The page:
In this study, we have examined the nearly complete Y. pestis genome sequence for simple sequence VNTRs and have discovered a tetranucleotide repeat. The repeat is in an intergenic region between two tentatively identified open reading frames (ORFs). PCR primers flanking the repeat motif have been used to characterize the repeat diversity of 35 Y. pestis strains and 1 strain of each of the closely related species Y. pseudotuberculosis and Y. enterocolitica. We have also examined the nucleotide diversity in the V antigen gene (lcrV) where, in contrast to the VNTR locus, there was a lack of nucleotide differences. Hence, the tetranucleotide repeat provides great strain discrimination potential for future epidemiological analyses.


Comparative sequencing of the V antigen gene.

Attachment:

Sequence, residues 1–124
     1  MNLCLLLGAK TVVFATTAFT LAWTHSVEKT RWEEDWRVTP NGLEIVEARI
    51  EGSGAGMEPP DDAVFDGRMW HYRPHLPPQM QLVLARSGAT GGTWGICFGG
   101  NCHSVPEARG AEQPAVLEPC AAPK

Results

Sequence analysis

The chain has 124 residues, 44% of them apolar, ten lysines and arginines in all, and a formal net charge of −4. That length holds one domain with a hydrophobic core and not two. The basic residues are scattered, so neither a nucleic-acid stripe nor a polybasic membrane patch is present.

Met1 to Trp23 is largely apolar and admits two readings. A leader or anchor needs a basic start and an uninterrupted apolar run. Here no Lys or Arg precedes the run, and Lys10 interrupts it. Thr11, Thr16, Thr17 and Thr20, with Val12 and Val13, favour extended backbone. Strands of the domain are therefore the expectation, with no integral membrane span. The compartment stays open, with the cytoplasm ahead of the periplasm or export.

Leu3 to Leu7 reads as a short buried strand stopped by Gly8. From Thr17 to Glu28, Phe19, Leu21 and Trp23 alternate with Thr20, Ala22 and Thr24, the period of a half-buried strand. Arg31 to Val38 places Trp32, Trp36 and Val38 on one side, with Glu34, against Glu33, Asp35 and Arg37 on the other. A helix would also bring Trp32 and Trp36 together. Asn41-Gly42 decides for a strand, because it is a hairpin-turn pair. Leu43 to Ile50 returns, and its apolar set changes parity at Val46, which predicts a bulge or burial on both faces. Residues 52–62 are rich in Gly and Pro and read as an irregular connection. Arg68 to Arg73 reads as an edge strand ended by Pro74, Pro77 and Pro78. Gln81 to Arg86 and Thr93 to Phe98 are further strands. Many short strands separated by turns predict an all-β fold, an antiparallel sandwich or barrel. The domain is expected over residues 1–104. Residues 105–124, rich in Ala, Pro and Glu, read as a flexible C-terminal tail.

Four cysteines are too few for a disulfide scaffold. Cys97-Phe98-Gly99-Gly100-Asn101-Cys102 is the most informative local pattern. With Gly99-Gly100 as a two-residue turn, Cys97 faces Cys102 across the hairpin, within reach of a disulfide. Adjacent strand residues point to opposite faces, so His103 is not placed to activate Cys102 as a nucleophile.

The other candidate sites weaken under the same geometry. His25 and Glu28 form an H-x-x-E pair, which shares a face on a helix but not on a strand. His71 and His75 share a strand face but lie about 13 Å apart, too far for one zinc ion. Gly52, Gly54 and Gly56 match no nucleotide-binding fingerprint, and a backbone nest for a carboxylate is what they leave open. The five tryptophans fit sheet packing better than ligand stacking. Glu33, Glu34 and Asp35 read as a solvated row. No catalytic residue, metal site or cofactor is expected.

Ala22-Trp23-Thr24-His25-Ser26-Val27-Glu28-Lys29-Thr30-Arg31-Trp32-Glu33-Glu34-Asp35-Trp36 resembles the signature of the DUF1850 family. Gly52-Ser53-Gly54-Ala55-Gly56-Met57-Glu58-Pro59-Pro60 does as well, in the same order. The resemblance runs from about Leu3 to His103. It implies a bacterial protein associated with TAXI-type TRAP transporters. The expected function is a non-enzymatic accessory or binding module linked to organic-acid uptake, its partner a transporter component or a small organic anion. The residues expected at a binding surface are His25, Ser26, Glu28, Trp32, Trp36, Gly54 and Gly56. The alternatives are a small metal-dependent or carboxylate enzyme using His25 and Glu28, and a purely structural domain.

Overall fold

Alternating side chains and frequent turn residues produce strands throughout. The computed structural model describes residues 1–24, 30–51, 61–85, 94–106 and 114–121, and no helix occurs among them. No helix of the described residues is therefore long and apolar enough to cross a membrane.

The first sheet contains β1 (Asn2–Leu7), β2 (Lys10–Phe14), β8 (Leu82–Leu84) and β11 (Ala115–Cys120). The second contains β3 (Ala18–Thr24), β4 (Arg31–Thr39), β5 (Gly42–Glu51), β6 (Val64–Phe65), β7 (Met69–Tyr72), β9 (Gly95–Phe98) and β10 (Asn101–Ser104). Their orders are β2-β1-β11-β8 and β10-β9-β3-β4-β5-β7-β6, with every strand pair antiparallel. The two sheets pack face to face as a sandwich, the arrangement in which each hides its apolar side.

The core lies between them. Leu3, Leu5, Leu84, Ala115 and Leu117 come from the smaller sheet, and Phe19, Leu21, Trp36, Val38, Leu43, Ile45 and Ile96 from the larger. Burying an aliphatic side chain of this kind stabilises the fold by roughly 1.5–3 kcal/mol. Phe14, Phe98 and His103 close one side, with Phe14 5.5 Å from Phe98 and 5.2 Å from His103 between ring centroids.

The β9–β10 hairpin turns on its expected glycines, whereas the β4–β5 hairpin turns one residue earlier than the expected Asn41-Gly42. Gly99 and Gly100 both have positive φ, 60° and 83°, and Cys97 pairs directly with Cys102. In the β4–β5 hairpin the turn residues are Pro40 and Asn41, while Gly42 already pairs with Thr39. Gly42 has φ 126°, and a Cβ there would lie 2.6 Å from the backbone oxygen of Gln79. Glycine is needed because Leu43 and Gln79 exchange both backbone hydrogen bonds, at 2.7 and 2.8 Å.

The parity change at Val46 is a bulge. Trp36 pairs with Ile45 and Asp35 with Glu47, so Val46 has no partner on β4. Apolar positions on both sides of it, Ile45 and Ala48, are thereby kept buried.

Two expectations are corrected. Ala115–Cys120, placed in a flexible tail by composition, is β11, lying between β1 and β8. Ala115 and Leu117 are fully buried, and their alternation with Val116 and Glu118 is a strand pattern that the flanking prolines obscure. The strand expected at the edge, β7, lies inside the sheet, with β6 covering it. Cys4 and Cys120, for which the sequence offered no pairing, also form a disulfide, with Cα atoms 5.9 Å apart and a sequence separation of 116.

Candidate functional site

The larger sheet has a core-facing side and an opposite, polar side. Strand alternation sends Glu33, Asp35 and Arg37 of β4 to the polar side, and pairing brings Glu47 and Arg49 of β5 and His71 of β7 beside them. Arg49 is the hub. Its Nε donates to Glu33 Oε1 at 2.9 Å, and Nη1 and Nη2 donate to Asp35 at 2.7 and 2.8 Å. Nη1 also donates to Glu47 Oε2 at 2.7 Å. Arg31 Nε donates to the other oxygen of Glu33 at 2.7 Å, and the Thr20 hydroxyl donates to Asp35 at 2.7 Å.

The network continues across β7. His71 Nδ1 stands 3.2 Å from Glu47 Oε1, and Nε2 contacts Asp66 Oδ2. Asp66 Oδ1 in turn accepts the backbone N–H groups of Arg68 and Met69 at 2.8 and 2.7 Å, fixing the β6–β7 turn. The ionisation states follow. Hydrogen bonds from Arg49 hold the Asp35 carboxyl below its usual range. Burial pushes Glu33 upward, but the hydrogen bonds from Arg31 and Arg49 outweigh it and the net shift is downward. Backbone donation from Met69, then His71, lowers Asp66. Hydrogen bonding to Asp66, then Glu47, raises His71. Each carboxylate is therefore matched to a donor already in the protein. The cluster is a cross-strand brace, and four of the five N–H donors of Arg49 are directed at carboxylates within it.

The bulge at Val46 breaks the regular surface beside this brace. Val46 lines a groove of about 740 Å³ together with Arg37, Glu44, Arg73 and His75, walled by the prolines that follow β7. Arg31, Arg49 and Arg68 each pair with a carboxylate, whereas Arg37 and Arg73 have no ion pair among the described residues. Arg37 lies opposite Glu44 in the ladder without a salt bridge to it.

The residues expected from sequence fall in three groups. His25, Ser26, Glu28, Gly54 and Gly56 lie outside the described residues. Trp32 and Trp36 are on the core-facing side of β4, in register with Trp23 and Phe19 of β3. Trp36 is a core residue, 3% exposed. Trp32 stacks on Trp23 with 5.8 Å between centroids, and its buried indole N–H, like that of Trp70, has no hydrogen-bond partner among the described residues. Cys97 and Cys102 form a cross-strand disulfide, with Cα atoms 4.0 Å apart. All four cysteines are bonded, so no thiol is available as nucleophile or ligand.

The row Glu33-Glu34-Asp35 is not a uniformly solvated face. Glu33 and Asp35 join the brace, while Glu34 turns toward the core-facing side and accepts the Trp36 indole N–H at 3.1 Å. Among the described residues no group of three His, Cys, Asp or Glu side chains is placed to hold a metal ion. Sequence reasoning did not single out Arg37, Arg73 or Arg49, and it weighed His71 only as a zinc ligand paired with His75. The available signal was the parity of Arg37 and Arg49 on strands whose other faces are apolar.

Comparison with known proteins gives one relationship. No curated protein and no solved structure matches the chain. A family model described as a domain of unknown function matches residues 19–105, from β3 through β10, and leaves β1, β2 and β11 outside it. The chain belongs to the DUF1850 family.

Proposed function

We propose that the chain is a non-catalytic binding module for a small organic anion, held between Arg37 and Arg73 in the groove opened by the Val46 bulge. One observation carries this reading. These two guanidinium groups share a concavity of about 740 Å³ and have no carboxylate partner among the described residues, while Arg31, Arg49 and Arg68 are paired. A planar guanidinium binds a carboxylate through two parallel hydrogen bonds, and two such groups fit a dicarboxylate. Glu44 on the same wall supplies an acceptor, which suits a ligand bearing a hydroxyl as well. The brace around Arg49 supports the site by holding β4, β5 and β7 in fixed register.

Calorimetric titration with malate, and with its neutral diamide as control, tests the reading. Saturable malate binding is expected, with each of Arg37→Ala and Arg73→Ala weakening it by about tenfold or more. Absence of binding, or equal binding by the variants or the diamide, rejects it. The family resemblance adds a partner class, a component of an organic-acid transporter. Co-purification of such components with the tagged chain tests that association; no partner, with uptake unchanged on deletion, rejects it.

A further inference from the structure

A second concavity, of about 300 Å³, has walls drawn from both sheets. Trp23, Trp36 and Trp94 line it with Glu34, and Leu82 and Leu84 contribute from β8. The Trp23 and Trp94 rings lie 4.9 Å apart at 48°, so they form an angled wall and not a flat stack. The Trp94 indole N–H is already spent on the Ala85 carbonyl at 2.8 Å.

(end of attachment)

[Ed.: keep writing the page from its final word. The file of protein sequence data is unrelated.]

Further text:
The complete nucleotide sequence was determined for the V antigen gene (lcrV) for most of the unique Y. pestis strains listed in Table Table1,1, with the exception of the Indian Isolate, which is lcrV negative, and only CO92 from the U.S. isolates. PCR and DNA sequencing primers were designed on the basis of GenBank accession no. M26405. These primers were as follows: 1F, ATTAAGCGTCAGAGGGAGAG (nucleotide positions 390 to 409); 1R, CTCTTTTACTCGCTTGATGC (789 to 770); 2R, ATGGTGCCACTACTAGACAG 3′ (1031 to 1012); 3F, TAGCAAGTTGCGTGAAGA (930 to 947); 4F, GGGGCGTTGGGTAATCTG (1222 to 1239); and 4R, CGTTGAGCATGGCGATAGT 3′ (1561 to 1543). Initially, a 1,171-bp amplicon was generated with the 1F and 4R primers and then used as a template for the DNA sequencing reactions. The six primers described above allowed us to determine the entire nucleotide sequence on both strands of the entire amplicon. Hence, the few differences observed among Y. pestis strains were confirmed by at least two sequencing determinations.